Both of these monsters share similarities and connections with the other monsters we have learned about this semester. In “Wolf Man” the audience gains empathy for the monster, similar to some monsters in Gothic horror. The werewolf does not want to turn into a beast, but by no fault of his own he transforms. This film shows the audience the beast’s perspective, and that helps you to connect with the monster in a different way. Again, a similar thing can be seen in “The Shining”, where Jack is tormented by seemingly paranormal entities that force him to attack his own family. The beginning of the movie shows Jack as a caring husband, but through what seems like no fault of his own he starts having murderous thoughts. I think a point both of these films are trying to portray is man’s ability to do terrible things. In an early film like “Wolf Man”, they had low quality filming technology but still managed to show a similar message as the 1980 film “The Shining”. In this class we have learned that many monsters throughout history are meant to teach us similar things, albeit through different ways that best connects with the audience of that time.
The iconic horror movie classic that I would like to focus on is the renowned Exorcist movie. A visiting actress in Washington, D.C., notices dramatic and dangerous changes in the behavior and physical make-up of her 12-year-old daughter. Meanwhile, a young priest at nearby Georgetown University begins to doubt his faith while dealing with his mother’s terminal sickness. And towards the end, a frail, elderly priest recognizes the necessity for a show-down with an old demonic enemy. I would like to connect this monster as a category 3 and 4 monster. Reagan, after attempting to speak to her imaginary friend through a Ouija board, becomes possessed by an evil demon. The demon pushes Reagan to act out of character, from stealing and swearing to making strange noises and exhibiting phenomenal strength. This particular monster plays with our idea of fear in a far greater way than vampires or werewolves. Exorcism happen around the world as a practice for casting out demons from possessed victims. Because this is considered an actual activity, its more than likely to happen to any one of us. The reliability and the fear of the unknown, trigger unwanted feeling of terror.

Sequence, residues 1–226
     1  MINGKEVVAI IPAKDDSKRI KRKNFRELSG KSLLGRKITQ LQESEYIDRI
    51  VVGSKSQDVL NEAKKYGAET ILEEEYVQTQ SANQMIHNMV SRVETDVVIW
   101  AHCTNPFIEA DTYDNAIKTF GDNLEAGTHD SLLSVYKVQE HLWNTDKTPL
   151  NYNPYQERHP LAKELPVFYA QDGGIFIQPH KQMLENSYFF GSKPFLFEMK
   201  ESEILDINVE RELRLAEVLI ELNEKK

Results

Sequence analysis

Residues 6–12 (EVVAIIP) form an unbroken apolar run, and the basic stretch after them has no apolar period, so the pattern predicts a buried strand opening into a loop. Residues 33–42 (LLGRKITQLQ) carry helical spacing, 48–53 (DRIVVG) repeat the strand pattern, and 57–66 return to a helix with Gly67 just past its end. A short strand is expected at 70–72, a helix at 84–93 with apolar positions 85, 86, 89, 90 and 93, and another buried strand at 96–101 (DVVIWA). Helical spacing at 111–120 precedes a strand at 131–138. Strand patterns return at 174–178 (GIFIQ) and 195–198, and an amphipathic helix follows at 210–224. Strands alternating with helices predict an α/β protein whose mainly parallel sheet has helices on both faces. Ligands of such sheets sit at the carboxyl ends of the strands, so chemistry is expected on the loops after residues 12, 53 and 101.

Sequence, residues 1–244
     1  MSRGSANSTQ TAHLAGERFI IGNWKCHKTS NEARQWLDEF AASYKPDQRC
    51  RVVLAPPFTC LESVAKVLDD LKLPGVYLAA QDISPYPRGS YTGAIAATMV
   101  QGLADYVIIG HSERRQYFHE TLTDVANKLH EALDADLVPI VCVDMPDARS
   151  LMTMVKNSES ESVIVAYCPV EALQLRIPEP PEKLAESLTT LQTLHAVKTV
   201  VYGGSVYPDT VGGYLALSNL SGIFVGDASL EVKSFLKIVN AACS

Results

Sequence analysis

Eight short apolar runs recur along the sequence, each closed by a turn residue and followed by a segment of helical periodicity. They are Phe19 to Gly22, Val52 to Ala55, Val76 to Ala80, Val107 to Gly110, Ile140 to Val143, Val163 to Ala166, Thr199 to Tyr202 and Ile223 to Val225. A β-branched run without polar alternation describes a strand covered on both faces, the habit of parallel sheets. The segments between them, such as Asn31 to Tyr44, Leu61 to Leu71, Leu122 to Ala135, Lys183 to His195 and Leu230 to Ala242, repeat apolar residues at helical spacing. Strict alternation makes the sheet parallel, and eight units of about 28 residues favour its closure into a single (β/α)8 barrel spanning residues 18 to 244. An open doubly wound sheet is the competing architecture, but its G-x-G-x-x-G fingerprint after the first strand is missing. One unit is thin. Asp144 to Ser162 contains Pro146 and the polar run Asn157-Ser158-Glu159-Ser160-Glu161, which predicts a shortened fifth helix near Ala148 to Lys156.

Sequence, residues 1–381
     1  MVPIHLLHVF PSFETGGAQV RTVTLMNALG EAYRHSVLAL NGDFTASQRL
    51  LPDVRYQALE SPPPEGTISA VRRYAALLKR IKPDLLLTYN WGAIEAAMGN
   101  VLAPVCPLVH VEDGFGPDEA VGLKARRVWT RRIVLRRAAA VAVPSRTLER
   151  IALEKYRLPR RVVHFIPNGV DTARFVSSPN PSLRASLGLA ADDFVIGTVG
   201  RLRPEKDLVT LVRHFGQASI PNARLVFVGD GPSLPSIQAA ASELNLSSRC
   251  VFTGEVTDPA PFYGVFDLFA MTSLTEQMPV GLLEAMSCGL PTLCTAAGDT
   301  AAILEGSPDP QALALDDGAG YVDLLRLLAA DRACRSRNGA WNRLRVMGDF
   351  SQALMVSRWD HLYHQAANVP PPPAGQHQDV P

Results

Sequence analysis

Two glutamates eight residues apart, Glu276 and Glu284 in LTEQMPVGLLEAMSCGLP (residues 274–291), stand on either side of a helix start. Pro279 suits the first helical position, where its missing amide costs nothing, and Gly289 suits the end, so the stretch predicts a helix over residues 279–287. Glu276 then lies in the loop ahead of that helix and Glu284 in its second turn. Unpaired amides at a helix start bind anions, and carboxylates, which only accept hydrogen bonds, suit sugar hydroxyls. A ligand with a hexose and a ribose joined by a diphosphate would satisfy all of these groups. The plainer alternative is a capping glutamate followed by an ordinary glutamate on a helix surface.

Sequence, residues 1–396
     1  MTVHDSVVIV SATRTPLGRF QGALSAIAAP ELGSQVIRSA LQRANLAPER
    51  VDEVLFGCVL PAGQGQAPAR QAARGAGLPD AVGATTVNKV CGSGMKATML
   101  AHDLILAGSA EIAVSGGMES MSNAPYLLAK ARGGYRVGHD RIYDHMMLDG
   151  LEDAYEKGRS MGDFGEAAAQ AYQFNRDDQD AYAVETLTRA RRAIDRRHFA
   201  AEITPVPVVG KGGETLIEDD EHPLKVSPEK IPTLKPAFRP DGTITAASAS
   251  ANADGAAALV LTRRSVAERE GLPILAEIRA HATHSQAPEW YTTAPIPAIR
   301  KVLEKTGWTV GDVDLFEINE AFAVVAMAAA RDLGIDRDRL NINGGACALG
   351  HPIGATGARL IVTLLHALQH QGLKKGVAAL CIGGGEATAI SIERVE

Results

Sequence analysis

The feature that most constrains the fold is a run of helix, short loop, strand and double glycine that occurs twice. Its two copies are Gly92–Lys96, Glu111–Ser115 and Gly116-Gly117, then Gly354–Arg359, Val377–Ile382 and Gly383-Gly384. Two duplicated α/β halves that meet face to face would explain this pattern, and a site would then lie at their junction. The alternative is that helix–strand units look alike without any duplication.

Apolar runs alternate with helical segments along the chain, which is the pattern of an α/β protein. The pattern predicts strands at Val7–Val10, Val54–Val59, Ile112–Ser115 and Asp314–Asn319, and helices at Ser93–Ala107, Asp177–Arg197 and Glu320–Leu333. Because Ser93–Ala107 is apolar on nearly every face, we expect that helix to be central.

For the final portion of this assignment, Id like to focus on Frankenstein falling under the category of the fear of the unknown. Just like Quasimodo, people fear what they can not understand. All Frankenstein wanted to do was experience love and affection. He was exiled for his outer ward appearance instead of what mattered on the inside. Society tends to do this more commonly than not. We have to become better at seeing people who they really are and not judge a book by its cover.